Forrester Plan For 'Saving' The Music Industry: Annoying Windowed Releases?
from the copying-bad-movie-industry-ideas? dept
His latest effort is to release a report on how "to save the music industry from the current Media Meltdown it finds itself in." Funny, I thought we were just seeing multiple studies -- including one from the music industry itself -- noting that the music industry is getting bigger, not smaller. Not quite a media meltdown. What's been getting smaller is one increasingly obsolete portion of the industry: selling songs (or, really, selling physical media with songs on it, and a weak attempt at replicating that online).
First, the good news: somewhere in the last ten months or so, Mulligan has recognized that free music can exist. That's progress! The second part of his theory is also a big step forward, claiming that the key to "saving" the industry (that doesn't need saving) is to create "a continual artist-fan relationship." Yes, exactly. Some of us have been saying that for years. There's more in there too about how much of the industry needs to change and innovate to keep up with the times. Good stuff and great to see Forrester finally catching up and catching on to where the market is headed.
But, of course, parts of the plan are a bit of a headscratcher. It still seems very much focused on getting people back into "buying music" rather than coming up with actual scarcities to buy. Instead, it tries to invent new artificial scarcities, mostly by copying an awful idea from the movie industry: windowed releases. The idea is that "premium club" members would pay to get access to music before others, and could get some sort of bundle of content. Two weeks later, the regular "release" would happen, with CDs, download stores and radio. Then, three weeks later, there would be a "free" component that actually is more "feels like free" using either ad-supported downloads or streaming.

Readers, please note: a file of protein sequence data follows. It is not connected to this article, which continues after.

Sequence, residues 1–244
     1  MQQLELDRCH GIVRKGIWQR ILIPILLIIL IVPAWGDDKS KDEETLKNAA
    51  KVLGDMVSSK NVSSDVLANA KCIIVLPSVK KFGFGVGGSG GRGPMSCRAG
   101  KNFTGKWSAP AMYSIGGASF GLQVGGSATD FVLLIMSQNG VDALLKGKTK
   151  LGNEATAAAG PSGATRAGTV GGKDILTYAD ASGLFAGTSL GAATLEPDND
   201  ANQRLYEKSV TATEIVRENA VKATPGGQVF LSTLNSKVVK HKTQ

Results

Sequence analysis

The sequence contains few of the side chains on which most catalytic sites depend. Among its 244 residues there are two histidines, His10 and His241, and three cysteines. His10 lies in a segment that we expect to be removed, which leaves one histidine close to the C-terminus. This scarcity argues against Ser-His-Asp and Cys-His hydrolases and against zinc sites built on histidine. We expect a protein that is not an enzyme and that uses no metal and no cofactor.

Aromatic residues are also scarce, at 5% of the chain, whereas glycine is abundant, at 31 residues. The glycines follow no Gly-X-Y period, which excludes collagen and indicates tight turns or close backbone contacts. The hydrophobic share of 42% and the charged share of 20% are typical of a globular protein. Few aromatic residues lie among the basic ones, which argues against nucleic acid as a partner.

Of course, like the movie industry, this ignores both reality and what people want. Those timelines won't make much sense, because as soon as the music's out, it'll be widely available. There's just no stopping that. Artificially holding it back doesn't do much good and doesn't give anyone a reason to buy. If anything, it actively drives people to unauthorized copies. Those who don't want that "premium club" offering won't wait six weeks for the official "free" streaming version with ads. They'll just go out and get an unauthorized copy.
So, while I'm glad that Forrester and Mulligan seem to be trending in the right direction with this report, it still seems to come up a bit short in terms of reasonable concepts for the industry.